Monthly Archives: January 2013

Drilling barge the Kulluck Getty Images

Shell's drilling barge the Kulluk. Getty Images

There are two important lessons from the mounting problems facing Shell as a result of the series of accidents that have afflicted its drilling programme in the Arctic.

The first is that major companies must have the capacity to call a halt and to break the inexorable internal momentum that so often makes it impossible to stop projects once they have started. The ability to reconsider is a great sign of strength not weakness.

The second is that a company such as Shell which prides itself (rightly) on its environmental performance is only as good as its weakest contractor. Read more

In the real world, disputes over natural gas production often pit billion-dollar companies against individual landowners. In films, it is the industry’s opponents that command the big battalions.

Promised Land , a fictional account of a gas company’s nefarious tactics, stars and is co-written by Hollywood A-lister Matt Damon, and the supporting cast includes the reliably excellent Frances McDormand and John Krasinski. Read more

By Julio Friedman and Armond Cohen

If you believe the hype, shale gas will solve many of America’s problems, from high petrol prices to wars in the Middle East. There is no doubt that it will bring huge benefits to the US. However, its role in climate change is misunderstood – and must be dealt with urgently.

There is some cause for optimism, at least from a US perspective. The International Energy Agency concluded recently that America will be the world’s largest gas producer by 2015, surpassing Russia. The US is also leading Europe on climate change. If it had ratified the 1997 Kyoto protocol, America would by now have met its obligations.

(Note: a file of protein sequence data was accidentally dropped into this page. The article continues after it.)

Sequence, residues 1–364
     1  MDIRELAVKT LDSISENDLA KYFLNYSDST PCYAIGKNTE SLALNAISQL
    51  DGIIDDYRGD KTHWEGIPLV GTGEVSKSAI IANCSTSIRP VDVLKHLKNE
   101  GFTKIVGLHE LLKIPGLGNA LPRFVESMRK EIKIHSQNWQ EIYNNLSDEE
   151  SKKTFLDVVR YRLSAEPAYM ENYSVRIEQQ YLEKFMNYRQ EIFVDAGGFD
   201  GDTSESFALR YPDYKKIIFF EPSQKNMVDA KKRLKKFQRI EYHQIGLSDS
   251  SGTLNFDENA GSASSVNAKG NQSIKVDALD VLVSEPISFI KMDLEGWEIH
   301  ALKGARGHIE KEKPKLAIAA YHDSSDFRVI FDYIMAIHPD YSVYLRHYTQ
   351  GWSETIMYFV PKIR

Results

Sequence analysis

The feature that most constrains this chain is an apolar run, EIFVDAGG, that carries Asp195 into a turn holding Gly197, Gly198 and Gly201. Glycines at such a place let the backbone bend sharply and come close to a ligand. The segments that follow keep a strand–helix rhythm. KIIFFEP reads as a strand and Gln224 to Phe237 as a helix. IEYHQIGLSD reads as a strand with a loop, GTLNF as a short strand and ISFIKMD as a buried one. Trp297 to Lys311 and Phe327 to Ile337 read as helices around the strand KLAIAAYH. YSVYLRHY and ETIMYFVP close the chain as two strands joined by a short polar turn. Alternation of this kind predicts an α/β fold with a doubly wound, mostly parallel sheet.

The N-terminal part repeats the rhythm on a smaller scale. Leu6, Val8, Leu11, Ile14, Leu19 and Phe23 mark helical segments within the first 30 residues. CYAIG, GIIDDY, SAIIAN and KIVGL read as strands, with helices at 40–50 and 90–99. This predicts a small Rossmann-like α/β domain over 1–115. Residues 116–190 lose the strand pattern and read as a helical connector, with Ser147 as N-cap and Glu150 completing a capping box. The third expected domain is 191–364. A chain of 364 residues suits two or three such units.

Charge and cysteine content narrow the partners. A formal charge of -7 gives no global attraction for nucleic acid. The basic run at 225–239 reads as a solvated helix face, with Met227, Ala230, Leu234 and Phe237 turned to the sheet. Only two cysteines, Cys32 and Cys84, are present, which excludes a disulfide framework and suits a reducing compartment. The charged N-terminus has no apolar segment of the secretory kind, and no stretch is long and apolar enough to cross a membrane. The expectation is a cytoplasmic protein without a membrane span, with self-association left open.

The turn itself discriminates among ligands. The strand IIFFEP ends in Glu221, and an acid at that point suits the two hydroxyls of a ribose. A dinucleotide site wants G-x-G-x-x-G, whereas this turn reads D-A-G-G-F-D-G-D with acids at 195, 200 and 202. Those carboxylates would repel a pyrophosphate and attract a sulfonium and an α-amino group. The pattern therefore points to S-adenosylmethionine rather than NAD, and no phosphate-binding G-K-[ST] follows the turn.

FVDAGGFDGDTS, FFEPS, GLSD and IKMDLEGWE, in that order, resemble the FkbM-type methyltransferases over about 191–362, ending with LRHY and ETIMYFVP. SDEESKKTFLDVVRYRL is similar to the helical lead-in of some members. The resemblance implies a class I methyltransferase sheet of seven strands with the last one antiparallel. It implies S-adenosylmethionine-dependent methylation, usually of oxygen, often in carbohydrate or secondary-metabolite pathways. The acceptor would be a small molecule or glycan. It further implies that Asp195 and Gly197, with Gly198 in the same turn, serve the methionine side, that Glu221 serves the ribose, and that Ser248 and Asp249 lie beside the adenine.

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A large proportion of oil is now exported to China. Getty Images

The International Energy Agency is one of the more successful of all the international institutions. It has avoided the rocks of ideology – unlike the IMF – and the sands of overweening bureaucracy – unlike the World Bank.

The Agency produces some excellent studies and first class data. But it badly needs to keep up with the times. No international agency working on energy should be excluding China and India from full membership.

The IEA was established in 1974 as a grouping of energy – particularly oil – importing countries to combat the market dominance of Opec. The crucial agreement behind its establishment was acceptance of the need to share the burden of adjustment in the event of any major supply disruption. “Rationing” – though the word was never used – was clearly preferable to a free-for-all bidding war in which countries sought to secure supplies for themselves. Read more

Shale gas drilling rig near Blackpool, in north-west England . Getty Images

I spent the holidays in Wales, dodging the odd shower, and contemplating the potential if someone could invent a technology that, short of massive hydro-power schemes, could convert rainfall into power. Wales would undoubtedly be the Saudi Arabia of rain power.

But Wales may not have to wait for new technology to become an energy producer again. The country looks set to be one of the main centres in the UK for the rapidly expanding shale gas business.

One of the most significant events of 2013 for the energy sector in the UK will be the publication of the next report on shale gas prospects across the country from the British Geological Survey. Well timed leaks of part of the report, which appeared just before the chancellor’s statement in December, have already suggested a significant increase in the resource base available near Blackpool. Read more